Written by Kevin Jenkins
August 15, 2012 · Last Update: 10:57 AM
ST. GEORGE — A lawsuit claiming several youth correctional schools throughout the world were involved in perpetrating physical and sexual abuse against children from across the country will be heard in St. George’s 5th District Court, in large part because most of the companies accused of the abuse — and the people operating them — call Washington County their home.
Judge James Shumate ruled Tuesday the lawsuit will continue to be heard in St. George despite motions filed by the Texas attorney representing more than 350 alleged victims and family members that sought to have the case transferred back to Salt Lake City, even though a judge there ruled the case should be heard in Southern Utah.
The complaint claims nearly 60 defendant companies and their owners were involved in the systematic abuse of juveniles who were placed in boarding schools or residential treatment centers by their parents or guardians.
Although the schools and treatment centers accused in the lawsuit bear a variety of names and have been located in multiple countries, the plaintiffs allege they are all connected as enterprises of an institution named the World Wide Association of Specialty Programs and Schools, which is based in St. George and owned by Toquerville resident Robert Lichfield and co-owners Brent Facer and Ken Kay, who list St. George business addresses.
“Thirty-eight of the 57 defendants reside in Washington County. That would bear out that the case should be in Washington County,” Salt Lake City attorney Stewart Harman, representing the Washington County defendants, argued. “That’s where the documents of this alleged conspiracy would be located.”
Examples of abuse by staff members of the different facilities, enumerated in the complaint, include allegations of locking the youths in small cages in painful positions, denying them adequate food, denying them proper medical care, kicking and beating them, forcing them to eat their own vomit, forcing them into sexual relations and depriving them of sleep or access to the toilet.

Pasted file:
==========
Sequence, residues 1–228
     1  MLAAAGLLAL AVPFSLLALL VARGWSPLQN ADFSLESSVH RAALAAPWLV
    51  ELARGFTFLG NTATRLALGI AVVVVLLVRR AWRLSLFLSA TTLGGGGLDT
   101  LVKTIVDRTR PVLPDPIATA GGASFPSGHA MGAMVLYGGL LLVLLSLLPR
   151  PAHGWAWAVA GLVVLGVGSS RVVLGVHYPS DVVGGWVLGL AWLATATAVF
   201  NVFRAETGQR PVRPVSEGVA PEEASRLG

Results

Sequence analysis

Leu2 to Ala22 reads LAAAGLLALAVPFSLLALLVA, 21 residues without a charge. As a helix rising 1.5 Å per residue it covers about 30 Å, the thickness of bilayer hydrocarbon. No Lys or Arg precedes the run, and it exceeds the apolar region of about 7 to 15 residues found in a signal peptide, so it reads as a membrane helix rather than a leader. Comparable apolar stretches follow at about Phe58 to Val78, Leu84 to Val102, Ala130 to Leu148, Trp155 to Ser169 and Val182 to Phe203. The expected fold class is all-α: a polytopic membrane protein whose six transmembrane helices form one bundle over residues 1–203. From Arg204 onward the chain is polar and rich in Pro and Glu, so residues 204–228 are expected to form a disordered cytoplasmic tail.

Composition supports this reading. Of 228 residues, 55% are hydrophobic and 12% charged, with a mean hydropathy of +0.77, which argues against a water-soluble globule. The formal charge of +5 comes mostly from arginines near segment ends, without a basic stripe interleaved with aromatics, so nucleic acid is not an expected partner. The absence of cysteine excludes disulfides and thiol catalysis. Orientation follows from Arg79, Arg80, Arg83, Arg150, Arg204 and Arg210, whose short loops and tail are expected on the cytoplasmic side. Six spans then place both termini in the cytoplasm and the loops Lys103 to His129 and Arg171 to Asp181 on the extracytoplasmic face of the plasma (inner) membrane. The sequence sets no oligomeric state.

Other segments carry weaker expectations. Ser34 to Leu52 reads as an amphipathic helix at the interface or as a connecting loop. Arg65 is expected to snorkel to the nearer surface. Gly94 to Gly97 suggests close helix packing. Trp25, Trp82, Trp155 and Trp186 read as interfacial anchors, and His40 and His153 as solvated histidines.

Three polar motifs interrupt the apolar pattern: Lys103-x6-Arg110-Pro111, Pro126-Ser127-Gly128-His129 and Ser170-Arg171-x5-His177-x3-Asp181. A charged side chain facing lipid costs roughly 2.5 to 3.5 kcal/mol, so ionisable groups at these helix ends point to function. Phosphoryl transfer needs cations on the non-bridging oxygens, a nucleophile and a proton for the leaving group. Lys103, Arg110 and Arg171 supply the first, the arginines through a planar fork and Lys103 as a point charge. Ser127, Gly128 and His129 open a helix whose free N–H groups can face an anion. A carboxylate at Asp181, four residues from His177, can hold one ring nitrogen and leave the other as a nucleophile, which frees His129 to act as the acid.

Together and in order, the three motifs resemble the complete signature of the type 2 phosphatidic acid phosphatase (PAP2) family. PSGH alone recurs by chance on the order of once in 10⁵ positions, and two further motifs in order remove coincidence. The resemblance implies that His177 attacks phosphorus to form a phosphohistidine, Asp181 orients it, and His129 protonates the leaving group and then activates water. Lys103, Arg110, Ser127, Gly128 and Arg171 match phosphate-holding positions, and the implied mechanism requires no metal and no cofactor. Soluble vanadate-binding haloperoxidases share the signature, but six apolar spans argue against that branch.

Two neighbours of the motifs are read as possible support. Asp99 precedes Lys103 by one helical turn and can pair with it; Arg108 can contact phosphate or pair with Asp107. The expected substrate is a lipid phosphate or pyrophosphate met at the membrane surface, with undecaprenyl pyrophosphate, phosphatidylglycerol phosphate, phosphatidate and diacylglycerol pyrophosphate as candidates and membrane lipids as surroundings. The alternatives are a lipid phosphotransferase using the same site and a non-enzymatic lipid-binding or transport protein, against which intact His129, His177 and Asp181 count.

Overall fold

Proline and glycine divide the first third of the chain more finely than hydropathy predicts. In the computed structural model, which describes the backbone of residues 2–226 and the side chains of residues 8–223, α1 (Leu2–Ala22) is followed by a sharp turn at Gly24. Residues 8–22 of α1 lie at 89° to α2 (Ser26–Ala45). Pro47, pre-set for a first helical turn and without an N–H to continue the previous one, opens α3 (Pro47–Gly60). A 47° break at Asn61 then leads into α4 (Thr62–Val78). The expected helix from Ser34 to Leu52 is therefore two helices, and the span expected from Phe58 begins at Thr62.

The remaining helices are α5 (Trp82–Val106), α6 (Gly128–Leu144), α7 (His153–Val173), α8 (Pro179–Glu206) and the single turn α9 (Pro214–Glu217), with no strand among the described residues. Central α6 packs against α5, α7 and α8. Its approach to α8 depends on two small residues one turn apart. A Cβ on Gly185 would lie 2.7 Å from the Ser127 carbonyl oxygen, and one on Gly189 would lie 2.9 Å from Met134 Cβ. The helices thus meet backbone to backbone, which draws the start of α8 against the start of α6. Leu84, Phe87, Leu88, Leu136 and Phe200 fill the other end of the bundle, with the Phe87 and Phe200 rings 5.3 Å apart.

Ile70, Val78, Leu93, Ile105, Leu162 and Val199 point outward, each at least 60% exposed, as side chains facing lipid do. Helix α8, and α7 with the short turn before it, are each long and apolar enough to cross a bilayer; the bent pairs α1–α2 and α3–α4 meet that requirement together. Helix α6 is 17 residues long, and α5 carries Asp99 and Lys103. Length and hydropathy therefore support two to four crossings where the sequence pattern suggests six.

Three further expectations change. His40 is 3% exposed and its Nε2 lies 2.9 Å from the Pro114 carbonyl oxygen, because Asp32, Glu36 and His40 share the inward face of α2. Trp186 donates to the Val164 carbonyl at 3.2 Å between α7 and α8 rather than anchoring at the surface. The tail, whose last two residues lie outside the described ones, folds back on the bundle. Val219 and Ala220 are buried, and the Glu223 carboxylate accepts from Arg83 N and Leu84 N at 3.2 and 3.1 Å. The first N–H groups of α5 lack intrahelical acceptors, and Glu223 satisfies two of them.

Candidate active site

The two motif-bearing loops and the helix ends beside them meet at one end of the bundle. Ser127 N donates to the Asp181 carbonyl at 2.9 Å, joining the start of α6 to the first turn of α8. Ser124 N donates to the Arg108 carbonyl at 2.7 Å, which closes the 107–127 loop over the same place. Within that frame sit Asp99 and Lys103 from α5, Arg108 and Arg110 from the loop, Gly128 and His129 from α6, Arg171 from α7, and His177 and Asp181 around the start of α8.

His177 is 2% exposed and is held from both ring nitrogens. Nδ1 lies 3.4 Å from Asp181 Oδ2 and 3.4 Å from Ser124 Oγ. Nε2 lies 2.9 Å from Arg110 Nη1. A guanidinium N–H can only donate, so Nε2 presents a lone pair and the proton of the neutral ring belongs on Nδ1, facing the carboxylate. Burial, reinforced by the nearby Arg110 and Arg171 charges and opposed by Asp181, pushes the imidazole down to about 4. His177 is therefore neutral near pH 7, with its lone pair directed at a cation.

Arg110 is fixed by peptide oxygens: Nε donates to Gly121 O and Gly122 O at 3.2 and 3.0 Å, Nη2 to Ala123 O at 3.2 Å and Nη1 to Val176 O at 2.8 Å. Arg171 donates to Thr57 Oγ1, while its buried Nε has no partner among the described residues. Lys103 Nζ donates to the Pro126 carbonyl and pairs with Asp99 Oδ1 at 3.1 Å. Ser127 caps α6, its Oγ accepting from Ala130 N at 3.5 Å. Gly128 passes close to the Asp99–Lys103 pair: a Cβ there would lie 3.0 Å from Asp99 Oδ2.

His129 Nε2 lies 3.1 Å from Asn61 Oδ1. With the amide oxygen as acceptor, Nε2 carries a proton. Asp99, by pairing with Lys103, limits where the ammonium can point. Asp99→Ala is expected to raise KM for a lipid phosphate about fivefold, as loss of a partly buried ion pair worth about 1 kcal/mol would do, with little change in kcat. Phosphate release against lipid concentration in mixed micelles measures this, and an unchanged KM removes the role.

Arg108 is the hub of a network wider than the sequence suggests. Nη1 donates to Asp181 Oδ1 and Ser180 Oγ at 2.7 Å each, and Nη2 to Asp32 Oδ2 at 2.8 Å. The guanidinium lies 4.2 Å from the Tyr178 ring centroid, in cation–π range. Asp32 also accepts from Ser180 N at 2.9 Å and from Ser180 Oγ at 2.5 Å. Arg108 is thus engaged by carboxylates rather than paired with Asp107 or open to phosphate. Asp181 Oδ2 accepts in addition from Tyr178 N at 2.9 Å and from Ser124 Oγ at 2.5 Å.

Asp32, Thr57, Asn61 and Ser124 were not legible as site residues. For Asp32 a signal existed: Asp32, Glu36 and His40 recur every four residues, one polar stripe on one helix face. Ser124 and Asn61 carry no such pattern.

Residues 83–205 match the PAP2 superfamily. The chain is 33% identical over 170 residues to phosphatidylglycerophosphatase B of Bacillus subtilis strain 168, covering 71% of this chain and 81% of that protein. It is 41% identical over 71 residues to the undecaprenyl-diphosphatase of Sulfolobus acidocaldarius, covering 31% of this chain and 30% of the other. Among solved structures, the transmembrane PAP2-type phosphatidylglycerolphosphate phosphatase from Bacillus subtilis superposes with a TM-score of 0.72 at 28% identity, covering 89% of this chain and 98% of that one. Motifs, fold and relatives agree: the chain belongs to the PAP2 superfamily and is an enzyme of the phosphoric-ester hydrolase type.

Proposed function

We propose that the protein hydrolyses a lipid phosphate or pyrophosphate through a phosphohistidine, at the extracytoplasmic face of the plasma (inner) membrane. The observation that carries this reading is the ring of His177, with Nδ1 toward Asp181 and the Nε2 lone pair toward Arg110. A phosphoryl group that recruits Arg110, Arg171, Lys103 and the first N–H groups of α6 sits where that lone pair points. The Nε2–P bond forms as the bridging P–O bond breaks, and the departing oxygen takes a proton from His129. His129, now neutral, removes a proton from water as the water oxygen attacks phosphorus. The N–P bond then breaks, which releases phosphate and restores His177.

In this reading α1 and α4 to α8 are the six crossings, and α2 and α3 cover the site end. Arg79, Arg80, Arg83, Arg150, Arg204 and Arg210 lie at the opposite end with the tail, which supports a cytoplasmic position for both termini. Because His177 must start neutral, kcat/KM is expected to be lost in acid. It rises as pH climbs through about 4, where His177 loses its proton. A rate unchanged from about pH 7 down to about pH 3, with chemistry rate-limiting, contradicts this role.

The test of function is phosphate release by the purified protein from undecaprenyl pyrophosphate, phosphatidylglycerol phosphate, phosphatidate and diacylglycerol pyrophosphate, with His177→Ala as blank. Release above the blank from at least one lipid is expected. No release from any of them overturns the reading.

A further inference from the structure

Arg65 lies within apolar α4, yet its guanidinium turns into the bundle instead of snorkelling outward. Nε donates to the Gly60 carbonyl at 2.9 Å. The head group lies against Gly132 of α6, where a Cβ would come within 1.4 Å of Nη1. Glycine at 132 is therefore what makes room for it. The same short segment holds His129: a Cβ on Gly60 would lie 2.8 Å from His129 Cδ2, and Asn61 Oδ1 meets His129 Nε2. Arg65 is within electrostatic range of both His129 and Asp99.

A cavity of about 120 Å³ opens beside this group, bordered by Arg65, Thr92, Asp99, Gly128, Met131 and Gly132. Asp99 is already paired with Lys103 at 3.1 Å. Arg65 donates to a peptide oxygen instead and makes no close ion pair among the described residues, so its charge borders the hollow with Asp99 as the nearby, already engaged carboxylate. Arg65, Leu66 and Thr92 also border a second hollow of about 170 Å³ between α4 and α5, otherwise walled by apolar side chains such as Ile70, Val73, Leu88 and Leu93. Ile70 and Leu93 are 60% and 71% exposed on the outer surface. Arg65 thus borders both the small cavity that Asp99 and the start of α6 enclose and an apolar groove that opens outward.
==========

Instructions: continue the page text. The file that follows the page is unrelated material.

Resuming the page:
The complaint acknowledges that not all youths in the program were alleged to have suffered all the forms of abuse listed, but it claims all of the student plaintiffs suffered multiple forms of abuse during their time in the boarding programs.
Dallas attorney Windle Turley argued Tuesday for the plaintiffs that the case’s expansive scope should be heard in Salt Lake City’s court because the only Utah plaintiffs named in the lawsuit are five people from the Wasatch Front area and because it would be easier for non-Utah plaintiffs to travel to the Salt Lake area than to St. George.
The non-Utah plaintiffs list addresses in 36 other states, plus one each in Washington, D.C., and in England, and Turley argued a Washington County trial would be prejudicial in favor of the defense.
The lawsuit is filed as a joint-action case, meaning each plaintiff retains his or her own standing, instead of as a class-action lawsuit in which the defendants would all be considered to be uniform in their circumstance and case outcome, Turley said.
The lawsuit was filed in Utah’s federal court in 2006 under racketeering allegations, but those claims were dismissed last year, and the abuse complaint moved to the state’s 3rd District court. Salt Lake City Judge John Paul Kennedy sent the case to Washington County in June in response to a motion by the defense.
Shumate sought to assure Turley that St. George has sufficient staff and technological resources to handle the complex case, and allowed that the different parties may participate in the organizational court hearings via telephone without traveling to Utah.
“In order to not use your valuable time nor your clients’ resources … I’m avoiding airline tickets and travel expenses for the parties,” Shumate said. “The court’s sensitive to the expenses of the parties and the firms (involved).”
Shumate said there likely is still a lengthy court process ahead and scheduled an Oct. 2 status conference to ensure the case is progressing.
“Let’s get some wheels on this thing and get it moving,” Shumate said.